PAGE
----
There’s been minimal progress. People are starting to recognise these facts, especially with the BLM movement; I think it helps people to start focussing on social equity and giving back to those people who continue to sit in jail while we’re having weed delivered to our doors. There’s a lot more work to do, because we need to free our brothers and sisters – particularly those of colour – from jail, and create more space within cannabis activism for queer and gender non-conforming people to feel safe.
Through Laganja, you created this funny, larger-than-life vehicle to have these conversations. Do you think humour is a good tool when it comes to tackling stigma?
Laganja: Well, cannabis is the second-best medicine; the absolute best is laughter! I think it’s a great way to break the ice and help people who might be uncomfortable feel safe to explore this kind of plant medicine. I totally believe in the power of healing through laughter.
That flair for comedy has turned you into meme royalty. Do you have any favourites?
The top two are definitely my entrance from season six, as well as my infamous Untucked, where I felt very attacked! I hope the memes continue to live on, hopefully many years after I leave this earth. I was kind of hurt by the memes at first, because I thought people were laughing at me. Since I joined in on the joke, I’ve been grateful that even rocky moments have been able to provide laughter. With my All Stars entrance, someone in the Philippines cut his big gymnastics jump into my split! The fact that it keeps giving life to so many communities worldwide is such a blessing.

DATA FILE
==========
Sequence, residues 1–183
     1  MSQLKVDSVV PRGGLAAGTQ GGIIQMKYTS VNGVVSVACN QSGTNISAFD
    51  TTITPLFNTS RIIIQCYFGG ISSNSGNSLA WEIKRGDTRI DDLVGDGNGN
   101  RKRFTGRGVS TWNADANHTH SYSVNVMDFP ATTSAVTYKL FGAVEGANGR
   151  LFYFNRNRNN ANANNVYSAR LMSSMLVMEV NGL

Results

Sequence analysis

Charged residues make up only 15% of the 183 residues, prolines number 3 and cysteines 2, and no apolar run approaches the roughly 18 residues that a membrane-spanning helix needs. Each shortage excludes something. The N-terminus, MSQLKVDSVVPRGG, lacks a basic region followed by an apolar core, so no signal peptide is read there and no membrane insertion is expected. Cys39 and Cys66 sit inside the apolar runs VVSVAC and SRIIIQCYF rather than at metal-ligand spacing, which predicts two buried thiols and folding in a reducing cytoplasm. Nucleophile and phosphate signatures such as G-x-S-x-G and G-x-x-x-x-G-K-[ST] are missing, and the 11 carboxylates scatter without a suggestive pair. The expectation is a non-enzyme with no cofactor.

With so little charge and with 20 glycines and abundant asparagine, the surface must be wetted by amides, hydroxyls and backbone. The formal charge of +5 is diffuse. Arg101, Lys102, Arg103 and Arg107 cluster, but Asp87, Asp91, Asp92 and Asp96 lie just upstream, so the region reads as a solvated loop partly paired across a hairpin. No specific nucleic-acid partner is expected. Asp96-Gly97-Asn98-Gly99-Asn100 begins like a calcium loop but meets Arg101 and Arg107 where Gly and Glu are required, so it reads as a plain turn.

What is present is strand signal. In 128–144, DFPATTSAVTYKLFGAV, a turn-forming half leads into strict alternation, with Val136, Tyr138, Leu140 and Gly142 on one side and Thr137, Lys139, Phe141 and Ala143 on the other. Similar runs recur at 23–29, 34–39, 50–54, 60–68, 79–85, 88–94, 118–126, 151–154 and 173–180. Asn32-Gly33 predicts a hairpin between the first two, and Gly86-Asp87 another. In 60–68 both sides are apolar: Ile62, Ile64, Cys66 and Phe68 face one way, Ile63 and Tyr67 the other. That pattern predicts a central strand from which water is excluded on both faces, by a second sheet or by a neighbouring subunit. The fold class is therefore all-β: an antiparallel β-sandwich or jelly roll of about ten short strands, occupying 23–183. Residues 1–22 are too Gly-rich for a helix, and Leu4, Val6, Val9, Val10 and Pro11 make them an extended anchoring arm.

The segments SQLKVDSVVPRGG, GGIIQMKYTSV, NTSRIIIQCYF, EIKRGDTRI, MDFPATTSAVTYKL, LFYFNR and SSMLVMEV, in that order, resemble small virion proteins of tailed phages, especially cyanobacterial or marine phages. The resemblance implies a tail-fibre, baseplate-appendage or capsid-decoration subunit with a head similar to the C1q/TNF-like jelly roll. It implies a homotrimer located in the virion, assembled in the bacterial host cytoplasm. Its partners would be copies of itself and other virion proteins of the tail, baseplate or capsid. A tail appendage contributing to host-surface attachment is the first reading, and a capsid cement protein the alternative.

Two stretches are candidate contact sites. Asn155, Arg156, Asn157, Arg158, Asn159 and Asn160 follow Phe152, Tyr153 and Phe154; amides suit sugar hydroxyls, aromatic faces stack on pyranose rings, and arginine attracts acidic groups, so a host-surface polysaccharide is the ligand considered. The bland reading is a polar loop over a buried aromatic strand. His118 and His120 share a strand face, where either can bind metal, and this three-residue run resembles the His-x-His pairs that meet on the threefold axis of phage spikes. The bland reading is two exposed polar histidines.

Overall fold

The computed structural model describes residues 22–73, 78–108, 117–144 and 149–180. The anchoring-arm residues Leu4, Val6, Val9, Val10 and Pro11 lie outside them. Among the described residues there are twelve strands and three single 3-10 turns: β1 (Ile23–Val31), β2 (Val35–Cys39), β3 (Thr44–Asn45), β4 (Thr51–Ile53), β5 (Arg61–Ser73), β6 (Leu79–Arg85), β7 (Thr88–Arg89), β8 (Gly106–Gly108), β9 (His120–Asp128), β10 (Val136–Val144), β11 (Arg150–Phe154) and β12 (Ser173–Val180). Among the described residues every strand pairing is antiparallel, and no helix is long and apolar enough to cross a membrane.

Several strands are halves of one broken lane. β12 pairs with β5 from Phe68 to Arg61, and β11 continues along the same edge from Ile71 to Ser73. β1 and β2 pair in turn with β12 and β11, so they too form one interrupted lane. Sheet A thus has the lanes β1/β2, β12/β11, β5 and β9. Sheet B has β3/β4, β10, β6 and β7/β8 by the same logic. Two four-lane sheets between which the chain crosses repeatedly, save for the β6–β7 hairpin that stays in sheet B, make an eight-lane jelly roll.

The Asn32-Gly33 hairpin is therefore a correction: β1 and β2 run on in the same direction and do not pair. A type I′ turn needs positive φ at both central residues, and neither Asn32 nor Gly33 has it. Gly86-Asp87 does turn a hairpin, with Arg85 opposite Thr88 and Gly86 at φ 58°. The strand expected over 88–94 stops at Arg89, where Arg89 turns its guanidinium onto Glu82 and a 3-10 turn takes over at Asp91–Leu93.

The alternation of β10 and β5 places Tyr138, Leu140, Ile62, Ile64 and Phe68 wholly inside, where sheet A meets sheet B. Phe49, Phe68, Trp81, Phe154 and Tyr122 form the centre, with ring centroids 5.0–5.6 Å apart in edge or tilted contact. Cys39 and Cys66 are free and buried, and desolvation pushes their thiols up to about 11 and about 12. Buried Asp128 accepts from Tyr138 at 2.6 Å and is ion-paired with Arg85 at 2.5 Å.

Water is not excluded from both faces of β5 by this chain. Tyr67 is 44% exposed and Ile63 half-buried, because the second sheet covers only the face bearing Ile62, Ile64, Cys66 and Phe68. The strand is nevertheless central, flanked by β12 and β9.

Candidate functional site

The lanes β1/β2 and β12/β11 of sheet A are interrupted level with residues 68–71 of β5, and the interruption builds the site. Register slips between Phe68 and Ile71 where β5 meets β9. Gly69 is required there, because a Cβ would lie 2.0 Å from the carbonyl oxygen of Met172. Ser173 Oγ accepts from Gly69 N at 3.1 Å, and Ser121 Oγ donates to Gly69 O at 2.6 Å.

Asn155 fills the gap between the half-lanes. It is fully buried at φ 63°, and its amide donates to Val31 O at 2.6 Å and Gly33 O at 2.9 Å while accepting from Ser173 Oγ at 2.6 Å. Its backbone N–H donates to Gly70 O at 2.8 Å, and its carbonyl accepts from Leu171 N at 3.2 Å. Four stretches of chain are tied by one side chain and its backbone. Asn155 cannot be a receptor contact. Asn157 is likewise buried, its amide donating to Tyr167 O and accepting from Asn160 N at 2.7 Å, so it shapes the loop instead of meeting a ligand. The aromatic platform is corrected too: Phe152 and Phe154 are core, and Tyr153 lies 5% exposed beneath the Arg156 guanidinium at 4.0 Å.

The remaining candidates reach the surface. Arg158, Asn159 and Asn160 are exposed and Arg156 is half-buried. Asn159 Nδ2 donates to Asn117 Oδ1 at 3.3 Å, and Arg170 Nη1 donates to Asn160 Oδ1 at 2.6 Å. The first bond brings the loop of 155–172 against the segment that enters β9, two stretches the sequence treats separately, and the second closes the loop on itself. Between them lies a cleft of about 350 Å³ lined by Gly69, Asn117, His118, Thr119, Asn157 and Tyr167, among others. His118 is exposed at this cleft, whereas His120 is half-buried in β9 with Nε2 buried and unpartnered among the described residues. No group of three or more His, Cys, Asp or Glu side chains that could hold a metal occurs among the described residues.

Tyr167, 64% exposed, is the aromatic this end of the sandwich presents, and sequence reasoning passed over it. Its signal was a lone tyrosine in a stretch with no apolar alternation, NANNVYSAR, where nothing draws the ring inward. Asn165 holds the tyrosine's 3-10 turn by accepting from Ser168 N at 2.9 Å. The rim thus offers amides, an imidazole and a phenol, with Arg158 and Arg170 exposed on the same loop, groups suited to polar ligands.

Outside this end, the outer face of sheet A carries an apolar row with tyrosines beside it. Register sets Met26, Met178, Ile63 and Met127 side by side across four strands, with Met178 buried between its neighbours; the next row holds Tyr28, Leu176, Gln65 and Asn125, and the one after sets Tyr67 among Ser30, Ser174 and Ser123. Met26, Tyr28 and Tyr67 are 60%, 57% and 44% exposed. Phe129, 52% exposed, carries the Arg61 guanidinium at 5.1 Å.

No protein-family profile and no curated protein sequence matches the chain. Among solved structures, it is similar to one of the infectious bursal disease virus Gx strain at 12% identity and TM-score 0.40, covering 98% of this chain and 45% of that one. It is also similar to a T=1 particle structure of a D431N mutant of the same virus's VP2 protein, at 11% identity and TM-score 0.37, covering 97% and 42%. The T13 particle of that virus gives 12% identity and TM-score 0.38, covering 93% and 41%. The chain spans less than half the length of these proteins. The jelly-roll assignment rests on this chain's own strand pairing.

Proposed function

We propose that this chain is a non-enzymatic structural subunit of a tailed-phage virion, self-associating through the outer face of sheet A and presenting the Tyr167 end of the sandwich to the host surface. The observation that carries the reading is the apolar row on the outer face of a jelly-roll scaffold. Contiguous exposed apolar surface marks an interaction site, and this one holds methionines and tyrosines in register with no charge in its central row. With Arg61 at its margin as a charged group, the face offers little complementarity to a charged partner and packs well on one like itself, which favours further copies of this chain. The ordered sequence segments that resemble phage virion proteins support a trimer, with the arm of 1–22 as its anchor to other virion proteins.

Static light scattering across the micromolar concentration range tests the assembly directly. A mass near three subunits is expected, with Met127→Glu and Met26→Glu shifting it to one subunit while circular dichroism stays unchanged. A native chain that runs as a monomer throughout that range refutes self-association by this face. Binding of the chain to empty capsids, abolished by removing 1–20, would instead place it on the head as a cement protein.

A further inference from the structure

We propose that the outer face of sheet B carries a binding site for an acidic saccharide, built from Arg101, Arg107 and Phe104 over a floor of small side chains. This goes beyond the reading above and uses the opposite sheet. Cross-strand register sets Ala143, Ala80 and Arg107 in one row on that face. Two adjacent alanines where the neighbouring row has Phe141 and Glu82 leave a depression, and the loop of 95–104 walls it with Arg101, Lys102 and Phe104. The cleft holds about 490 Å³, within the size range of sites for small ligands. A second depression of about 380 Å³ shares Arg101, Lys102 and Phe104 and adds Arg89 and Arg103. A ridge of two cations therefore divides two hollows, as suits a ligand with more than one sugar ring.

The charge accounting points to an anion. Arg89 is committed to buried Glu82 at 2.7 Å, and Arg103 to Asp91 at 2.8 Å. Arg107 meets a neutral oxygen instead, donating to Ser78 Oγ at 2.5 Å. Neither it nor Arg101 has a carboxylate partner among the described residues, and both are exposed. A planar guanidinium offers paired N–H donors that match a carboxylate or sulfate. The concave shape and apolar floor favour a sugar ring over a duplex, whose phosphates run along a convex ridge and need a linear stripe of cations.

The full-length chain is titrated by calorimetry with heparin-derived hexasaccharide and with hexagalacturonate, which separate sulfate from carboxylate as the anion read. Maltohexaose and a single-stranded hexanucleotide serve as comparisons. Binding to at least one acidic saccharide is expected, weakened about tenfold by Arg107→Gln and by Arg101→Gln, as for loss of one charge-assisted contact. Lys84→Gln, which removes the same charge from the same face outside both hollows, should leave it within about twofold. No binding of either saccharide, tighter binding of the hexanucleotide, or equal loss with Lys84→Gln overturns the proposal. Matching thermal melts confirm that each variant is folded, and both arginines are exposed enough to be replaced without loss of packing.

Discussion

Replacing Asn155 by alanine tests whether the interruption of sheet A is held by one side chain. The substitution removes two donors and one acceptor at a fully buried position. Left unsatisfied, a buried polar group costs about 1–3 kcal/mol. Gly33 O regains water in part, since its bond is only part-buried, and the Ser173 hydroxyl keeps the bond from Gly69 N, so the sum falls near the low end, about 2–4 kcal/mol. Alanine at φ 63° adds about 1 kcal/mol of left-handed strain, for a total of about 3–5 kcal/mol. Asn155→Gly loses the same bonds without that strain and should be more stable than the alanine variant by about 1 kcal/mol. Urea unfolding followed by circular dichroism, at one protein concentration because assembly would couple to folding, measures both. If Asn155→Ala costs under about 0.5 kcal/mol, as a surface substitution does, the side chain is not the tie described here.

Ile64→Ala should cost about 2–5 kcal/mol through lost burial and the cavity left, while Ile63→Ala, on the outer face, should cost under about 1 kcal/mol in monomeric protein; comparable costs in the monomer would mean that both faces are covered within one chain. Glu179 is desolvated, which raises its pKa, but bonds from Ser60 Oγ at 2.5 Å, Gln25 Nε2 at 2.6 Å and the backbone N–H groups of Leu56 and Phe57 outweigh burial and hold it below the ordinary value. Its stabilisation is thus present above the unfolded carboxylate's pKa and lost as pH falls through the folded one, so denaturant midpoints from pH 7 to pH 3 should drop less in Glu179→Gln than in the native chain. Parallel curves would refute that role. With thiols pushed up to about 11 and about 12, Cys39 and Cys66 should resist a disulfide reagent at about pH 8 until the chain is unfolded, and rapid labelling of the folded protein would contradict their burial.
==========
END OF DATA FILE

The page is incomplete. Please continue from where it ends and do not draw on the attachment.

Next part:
What made you decide to come back for All Stars?
I’ve been wanting to come back as an assassin, but I made it clear I wasn’t interested in being a competitor. I love the brand and I’m actually trying to come back as a choreographer, but I know what’s best for me as an artist. I didn’t want to go back as a competitor and have to spend all that money, so I’m grateful I got to go back my way and that I got to wait, so I didn’t put my health at risk. When I proposed my grand entrance to production, they did everything in their power to execute it the way I wanted.
You touched on cash – do you think people are starting to understand how expensive it is to compete?
People are more aware, but I don’t think people really understand that for the last All Stars season people were paying between $25,000 and $50,000 to go and compete. It costs an insane amount of money to be a Ru Girl these days. I feel sorry for the girls on the newer seasons, because the expectation is unreal. I spent about $8,000 in total on my season, and nowadays I don’t think even that would cut it. Every cent I make gets poured back into my art, so I tell people that if you want to get into drag you have to love it.
Another milestone is that you came out as trans on social media; how long did it take for you to decide to share that?
A long, long time. I’m 32 years old, and now we see people coming out at 16. I never really suffered from body dysmorphia because I grew up in the ballet world where most girls were flat-chested. I never really viewed my body as an issue, which I think is why it took me longer to realise my truth. About two years ago, I came out to my closest friends. I lived my truth privately for two years, but finally decided I had to come out. I was fearful of what my parents would say, but I wanted them to know even if it would hurt or confuse them, so I went home in June this year to let them know. Two weeks later, I told the world.